• Why Are the Yolks So Nutrient-Dense? It’s nature’s design. If the egg was fertilized, the yolk would provide all the nutrition the embryo needs to develop into a chick. The white is simply there for protection – providing both a cushion and anti-microbial enzymes to protect against infection.
  • What If I’m Allergic or Intolerant to Eggs? Usually, when people are intolerant to eggs, it’s to the whites. That’s why Dr. Sarah Ballantyne recommends egg yolks as one of the first reintroductions when coming off of the autoimmune protocol. They are nutrient-dense foods we should all eat, if we can. Here are two tips that sometimes help with successful reintroduction: (1) Choose eggs from pastured chickens that were never fed soy. (Soy proteins from the feed find their way into the eggs, so sometimes an egg intolerance is really a soy intolerance.) If you can’t find soy-free eggs locally, you can buy them online through Healthy Traditions. (2) After separating the yolk from the white, rinse the yolk to get 100% of the egg white off before eating. If the yolk still causes a negative reaction in your body, by all means, keep them out of your diet, and seek other nutrient dense foods instead, like seafood and organ meats.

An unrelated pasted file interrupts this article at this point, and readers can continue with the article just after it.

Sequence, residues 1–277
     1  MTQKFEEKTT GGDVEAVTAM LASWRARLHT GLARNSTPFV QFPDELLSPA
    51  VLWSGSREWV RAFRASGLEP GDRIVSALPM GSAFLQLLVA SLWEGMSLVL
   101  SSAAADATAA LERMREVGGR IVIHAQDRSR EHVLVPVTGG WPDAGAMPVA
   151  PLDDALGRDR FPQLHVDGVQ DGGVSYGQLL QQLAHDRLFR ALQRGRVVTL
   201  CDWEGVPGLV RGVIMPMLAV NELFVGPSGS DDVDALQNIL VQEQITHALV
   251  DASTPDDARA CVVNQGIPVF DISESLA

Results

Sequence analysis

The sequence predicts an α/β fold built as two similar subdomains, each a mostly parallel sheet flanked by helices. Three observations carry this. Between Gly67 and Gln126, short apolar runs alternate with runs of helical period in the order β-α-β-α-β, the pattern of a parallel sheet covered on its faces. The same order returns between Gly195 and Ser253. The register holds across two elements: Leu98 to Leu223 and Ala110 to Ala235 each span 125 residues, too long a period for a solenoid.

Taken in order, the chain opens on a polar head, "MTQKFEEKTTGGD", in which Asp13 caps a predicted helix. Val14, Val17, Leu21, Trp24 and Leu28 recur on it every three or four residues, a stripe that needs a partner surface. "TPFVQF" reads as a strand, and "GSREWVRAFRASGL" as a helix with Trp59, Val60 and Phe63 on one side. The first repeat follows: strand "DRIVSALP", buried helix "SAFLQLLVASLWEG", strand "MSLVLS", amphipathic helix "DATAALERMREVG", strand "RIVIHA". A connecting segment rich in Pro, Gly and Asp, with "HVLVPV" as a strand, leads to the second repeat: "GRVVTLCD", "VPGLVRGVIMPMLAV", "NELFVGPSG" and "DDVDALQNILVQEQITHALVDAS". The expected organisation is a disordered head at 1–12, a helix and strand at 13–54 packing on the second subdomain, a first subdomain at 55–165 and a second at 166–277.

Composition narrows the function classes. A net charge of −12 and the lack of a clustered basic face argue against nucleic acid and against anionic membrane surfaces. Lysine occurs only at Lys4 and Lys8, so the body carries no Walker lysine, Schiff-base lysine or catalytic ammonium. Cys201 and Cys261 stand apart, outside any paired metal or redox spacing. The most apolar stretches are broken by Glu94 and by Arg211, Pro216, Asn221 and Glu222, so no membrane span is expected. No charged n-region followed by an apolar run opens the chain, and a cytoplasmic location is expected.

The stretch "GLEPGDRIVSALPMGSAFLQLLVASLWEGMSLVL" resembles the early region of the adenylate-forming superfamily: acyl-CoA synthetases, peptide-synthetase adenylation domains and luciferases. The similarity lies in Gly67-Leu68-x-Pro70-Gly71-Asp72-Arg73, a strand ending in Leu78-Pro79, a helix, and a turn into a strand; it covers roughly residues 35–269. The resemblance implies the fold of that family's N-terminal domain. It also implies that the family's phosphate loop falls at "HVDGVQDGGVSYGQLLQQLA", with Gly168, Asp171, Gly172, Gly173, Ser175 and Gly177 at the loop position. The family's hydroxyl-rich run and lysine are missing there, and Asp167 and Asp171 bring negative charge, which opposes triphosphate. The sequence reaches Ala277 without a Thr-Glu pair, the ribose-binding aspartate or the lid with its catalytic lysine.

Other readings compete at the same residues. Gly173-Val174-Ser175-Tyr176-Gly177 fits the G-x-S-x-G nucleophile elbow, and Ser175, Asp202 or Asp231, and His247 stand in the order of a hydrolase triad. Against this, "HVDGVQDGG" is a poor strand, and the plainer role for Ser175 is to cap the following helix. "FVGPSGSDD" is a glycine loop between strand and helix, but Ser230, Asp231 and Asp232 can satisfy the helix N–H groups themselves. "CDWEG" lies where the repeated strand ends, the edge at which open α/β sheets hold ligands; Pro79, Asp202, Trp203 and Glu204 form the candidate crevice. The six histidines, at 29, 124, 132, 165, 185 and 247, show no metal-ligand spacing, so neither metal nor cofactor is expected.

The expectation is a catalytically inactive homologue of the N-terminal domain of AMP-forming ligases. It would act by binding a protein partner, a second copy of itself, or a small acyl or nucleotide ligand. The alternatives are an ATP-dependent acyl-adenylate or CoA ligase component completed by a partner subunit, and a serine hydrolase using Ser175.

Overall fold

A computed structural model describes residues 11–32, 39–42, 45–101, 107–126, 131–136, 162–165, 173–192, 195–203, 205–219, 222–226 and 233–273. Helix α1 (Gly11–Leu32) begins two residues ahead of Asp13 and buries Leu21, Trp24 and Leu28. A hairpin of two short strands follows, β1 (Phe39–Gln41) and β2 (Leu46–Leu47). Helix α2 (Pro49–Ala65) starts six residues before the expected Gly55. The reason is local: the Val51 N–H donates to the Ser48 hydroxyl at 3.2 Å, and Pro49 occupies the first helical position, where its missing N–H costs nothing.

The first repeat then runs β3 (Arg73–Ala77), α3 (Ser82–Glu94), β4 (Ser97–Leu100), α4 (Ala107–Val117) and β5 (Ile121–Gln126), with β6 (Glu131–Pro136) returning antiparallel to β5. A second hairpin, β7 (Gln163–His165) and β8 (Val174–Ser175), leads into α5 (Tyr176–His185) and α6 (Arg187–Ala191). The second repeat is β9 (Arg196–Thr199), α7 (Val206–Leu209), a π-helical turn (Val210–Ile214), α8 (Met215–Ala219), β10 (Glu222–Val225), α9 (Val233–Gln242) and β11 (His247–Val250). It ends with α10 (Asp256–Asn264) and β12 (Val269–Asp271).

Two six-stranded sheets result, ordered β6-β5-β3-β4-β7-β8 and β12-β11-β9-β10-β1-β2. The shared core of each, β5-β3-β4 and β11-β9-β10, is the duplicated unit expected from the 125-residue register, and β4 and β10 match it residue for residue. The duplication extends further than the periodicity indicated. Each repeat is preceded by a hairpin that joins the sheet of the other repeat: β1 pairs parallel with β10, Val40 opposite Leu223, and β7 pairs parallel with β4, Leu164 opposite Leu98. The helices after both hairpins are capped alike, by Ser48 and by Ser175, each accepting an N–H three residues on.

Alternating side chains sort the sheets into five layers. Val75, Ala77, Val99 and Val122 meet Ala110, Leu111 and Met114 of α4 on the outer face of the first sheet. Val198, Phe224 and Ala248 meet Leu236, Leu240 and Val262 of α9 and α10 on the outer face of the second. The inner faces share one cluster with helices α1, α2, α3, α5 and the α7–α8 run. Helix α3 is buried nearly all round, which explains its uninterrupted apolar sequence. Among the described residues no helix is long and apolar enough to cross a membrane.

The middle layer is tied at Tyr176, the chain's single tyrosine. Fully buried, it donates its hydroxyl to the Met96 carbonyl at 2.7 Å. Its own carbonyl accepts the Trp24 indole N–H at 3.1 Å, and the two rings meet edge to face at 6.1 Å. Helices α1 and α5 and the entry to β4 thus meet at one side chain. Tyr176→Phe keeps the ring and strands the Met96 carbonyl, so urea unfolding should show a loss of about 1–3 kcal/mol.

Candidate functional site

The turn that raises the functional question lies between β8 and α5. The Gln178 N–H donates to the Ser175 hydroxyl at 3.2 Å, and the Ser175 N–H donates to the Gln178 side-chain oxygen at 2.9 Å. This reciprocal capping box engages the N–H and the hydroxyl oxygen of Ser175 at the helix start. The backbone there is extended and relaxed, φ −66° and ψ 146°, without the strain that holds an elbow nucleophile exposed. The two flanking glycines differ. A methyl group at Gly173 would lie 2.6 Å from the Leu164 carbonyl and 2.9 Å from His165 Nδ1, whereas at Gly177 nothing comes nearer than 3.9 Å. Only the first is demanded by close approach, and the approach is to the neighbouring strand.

Paleo AIP Reintroduction Guide Ebook | Phoenix Helix

Eleven Ways to Eat More Yolks

Have I convinced you that egg yolks are a superfood? Are you ready to make them part of your daily diet? Let’s count the ways:

How to Separate the Yolk from the White

My Mom was a baker, so I grew up separating egg yolks for her recipes. However, if you’ve never done this before, no worries. I filmed a little video to show you three easy ways to get at those luscious yolks. One extra tip: they’re easier to separate when the eggs are cold:


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Credit: image at top of page from Joăo Estęvăo A. de Freitas via Wikimedia.

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35 comments on “How to Separate Eggs & the Nutritional Power of Yolks”

  1. I am AIP and have been leaving eggs out as a re-introduction because I keep needing iron infusions and was told that eggs inhibit iron absorption. I thought I might give them a try down the track in between meals though. Thoughts?

    1. Hi Susan. I think that’s a good question for your doctor, because anemia has many different root causes. Depending on what yours is, their advice may vary. They may say eggs are a definite no-no, or they might say a few eggs per week are fine.

  2. Hello,

    I was wondering, is it okay to hard boil eggs whole and then eat just the hard boiled yoke as a reintroduction?

    Thank you,


  3. Should we supplement Choline while we are off eggs? I already supplement B vitamins, zinc and K2. I have Hashi’s and CFS, fatigue is my biggest physical problem but I really worry about my ability to detox as my metabolism is nil.